Skip to main content

Bigger Circles - John 10



In John chapter 10, Jesus continued his critique of the Pharisees who were challenging the healing he had just done for the blind man.  He described himself as the good shepherd and even as the gate to the sheep pen.  In this metaphor we are the sheep.  The good shepherd is our caretaker and the pen provides unity and safety.  The gatekeeper in this situation would often lay down in front of the gate, becoming the gate.  This is why he described himself as the gate itself.  Nobody would come into the Kingdom if it was not through him.  He said that those who came before him, the Pharisees and other church leaders, were thieves and robbers.  There is much to unpack in all of this, but I want to focus on an often missed side statement.  In the middle of all of this he made this statement about sheep from other pastures.  What was he talking about?

"I have other sheep, too, that are not in this sheepfold. I must bring them also. They will listen to my voice, and there will be one flock with one shepherd." - John 10:16

Jesus was constantly challenging those around him to expand their circle.  He wanted them to know that those on the outside would become first in the Kingdom.  He was and is a fan of the underdog.  In this metaphor the sheep pen is probably understood to be the nation of Israel.  The other sheep are often understood to be the gentiles and this is why many of us were brought into the faith circle.  This is a valid interpretation, but I think it is worth thinking about who you think is in the fold, and who you think is out.  Jesus is as radical today as he was then, and if you find yourself comfortable with his words you are probably not understanding them.  I think we may all be a little surprised with who we are sharing space with when we look around the final sheep pen.   

God help us to expand our circles.  Amen


Comments

Popular posts from this blog

Death Will Lose it's Sting

Our reading from the Narrative Lectionary this week is 1 Corinthians 15:51-57. In these verses, Paul reveals a mystery, that in the end some will be transformed, given a new body, instead of facing death.  In other words death is not one of life's two certain terms.  It seems taxes may be the only guarantee.   "...in this world nothing can be said to be certain, except  death and taxes ." - Benjamin Franklin. Ok, all jokes aside, these verses are difficult to read.  Paul looks forward to a time when death will have no victory, it will have lost its sting.  But today, we are in the middle of a pandemic, surrounded by death.  Many are scared for their lives, or their loved ones, and too many have already been lost.  Death does not seem to have lost its sting at all, it feels as if it is closing in. When I worked in wilderness therapy I remember holding a child who was desperately trying to kill himself.  We cried together as he struggled to end it, and I struggled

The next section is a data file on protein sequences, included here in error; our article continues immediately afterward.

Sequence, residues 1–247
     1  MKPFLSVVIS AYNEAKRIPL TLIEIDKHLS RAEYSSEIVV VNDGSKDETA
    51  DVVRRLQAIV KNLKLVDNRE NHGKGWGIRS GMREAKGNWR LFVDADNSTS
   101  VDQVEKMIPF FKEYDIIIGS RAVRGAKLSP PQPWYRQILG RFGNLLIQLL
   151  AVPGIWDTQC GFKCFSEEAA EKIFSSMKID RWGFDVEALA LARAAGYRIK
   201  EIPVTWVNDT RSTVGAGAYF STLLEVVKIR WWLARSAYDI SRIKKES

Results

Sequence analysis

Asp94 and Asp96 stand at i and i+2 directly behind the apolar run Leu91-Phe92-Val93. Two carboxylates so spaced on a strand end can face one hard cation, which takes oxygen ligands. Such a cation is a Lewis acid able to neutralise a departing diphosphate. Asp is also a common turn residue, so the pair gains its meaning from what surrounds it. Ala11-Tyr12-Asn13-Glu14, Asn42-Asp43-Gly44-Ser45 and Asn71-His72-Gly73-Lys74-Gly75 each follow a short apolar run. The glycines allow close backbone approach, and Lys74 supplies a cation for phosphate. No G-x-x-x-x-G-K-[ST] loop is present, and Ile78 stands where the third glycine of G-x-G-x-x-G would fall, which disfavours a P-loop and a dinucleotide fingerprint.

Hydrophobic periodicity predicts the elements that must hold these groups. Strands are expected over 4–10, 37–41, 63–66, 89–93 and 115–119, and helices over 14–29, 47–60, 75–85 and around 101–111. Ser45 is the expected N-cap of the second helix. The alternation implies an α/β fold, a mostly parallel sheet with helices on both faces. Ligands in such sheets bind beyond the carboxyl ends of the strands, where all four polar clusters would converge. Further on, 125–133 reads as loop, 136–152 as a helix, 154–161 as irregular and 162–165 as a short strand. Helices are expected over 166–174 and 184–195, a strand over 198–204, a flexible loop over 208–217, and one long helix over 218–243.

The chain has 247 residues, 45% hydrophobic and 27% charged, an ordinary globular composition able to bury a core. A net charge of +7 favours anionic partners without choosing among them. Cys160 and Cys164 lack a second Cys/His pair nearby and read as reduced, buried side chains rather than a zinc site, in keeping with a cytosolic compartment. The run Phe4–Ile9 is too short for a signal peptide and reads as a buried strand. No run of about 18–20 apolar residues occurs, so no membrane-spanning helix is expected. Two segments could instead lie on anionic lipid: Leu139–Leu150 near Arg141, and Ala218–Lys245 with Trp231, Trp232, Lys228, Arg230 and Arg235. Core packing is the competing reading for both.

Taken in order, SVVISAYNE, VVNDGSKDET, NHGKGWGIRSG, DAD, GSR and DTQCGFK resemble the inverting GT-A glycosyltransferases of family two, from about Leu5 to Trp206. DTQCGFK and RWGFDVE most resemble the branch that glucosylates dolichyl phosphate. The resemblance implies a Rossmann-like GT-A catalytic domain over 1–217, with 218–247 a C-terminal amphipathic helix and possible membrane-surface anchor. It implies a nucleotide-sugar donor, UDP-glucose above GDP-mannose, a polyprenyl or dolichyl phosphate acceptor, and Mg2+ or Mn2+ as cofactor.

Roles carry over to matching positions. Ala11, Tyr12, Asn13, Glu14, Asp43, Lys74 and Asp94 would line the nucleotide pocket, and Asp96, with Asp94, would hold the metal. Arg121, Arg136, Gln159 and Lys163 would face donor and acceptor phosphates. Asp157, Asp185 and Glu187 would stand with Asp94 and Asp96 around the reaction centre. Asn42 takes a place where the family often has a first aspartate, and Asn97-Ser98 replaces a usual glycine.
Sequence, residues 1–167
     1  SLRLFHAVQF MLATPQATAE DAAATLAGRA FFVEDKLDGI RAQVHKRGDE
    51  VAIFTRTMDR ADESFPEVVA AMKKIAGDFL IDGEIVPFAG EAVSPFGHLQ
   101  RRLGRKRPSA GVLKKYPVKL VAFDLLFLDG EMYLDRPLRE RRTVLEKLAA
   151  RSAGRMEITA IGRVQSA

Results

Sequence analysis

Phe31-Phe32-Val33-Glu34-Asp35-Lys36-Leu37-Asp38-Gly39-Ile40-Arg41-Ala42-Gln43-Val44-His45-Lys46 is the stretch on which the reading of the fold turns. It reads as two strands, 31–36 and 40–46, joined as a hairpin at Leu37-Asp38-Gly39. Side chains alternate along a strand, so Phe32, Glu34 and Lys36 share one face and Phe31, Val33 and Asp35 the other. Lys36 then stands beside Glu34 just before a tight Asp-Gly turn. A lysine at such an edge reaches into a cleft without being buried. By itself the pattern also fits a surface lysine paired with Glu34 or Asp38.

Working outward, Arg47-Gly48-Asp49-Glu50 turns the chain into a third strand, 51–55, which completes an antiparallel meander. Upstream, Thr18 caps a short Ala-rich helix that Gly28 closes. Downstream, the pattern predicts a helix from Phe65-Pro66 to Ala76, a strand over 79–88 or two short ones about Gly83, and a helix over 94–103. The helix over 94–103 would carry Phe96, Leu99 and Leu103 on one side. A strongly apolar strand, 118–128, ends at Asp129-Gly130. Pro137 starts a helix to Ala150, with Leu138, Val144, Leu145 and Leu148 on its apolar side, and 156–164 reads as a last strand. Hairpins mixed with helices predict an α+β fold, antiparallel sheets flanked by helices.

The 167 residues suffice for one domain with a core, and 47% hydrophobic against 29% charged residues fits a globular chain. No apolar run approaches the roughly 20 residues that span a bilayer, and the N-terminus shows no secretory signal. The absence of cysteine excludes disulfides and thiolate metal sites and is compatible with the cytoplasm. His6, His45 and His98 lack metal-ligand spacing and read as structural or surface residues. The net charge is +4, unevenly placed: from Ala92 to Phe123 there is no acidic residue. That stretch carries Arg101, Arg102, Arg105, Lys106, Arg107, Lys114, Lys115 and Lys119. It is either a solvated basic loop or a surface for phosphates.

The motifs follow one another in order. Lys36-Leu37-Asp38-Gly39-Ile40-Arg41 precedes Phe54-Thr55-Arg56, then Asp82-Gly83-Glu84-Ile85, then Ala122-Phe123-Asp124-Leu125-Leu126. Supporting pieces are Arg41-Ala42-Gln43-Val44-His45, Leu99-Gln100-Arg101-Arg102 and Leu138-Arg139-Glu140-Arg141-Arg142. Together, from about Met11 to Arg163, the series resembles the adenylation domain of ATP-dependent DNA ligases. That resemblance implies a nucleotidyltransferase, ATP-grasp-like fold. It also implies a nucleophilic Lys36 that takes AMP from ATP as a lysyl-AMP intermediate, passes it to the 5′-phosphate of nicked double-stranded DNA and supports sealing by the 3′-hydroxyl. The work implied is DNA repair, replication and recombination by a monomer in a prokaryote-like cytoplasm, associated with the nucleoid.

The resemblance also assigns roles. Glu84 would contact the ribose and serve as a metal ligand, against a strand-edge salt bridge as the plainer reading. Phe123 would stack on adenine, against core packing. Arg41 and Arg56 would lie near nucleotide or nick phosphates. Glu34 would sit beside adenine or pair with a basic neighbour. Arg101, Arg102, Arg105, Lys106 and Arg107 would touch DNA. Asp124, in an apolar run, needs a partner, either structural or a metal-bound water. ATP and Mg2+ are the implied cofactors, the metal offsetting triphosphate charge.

Fool for Christ

Our reading from the Narrative Lectionary this week is 2 Corinthians 5.  Verse 13 stood out to me. If it seems we are crazy, it is to bring glory to God. - 2 Corinthians 5:13a (NLT) John Wimber, the founder of the Vineyard churches did a famous sermon called "I am a fool for Christ, whose fool are you?".  Reading this week's text reminded me of this wonderful sermon.  Wimber's sermon reminds us that, as christians, we are called to something truly radical.  The christian walk is strange and counter cultural.  Jesus once explained this to his disciples in John 15 "If you belonged to the world, it would love you as its own. You don't belong to this world, I have chosen you out of it.  That is why the world hates you."   Peter, in a letter to the church, later referred to all of us as strangers just passing through this world.   Do you feel like a stranger?  Do you feel like the world hates you?  Are you a fool for Christ? Here is the thing, you are going t

Prayer Part 2 of 4

  This is the second of four weeks the narrative lectionary is focusing on the Lord's Prayer as found in Luke 11:2-4.  This week we are focusing on the second section: "Give us this day our daily bread." At the time and place that Jesus said this, bread was the center of every meal.  To his people, it had a long history of being a symbol for God's provision.  It was often used to refer to any meal or food, and in this case Jesus expands it to represent all of our needs.   A long time ago, in a place that had been ravaged with war, orphanages were overwhelmed with children.  In one of the facilities, the relief workers noted that the children had trouble falling asleep each night.  They struggled with anxiety, wondering if they would have food for the next day.  Their lack of sleep led to more anxiety and a troubling downward spiral of their mental and physical health.  In an effort to meet their needs the workers tried something new one night.  As they tucked each chi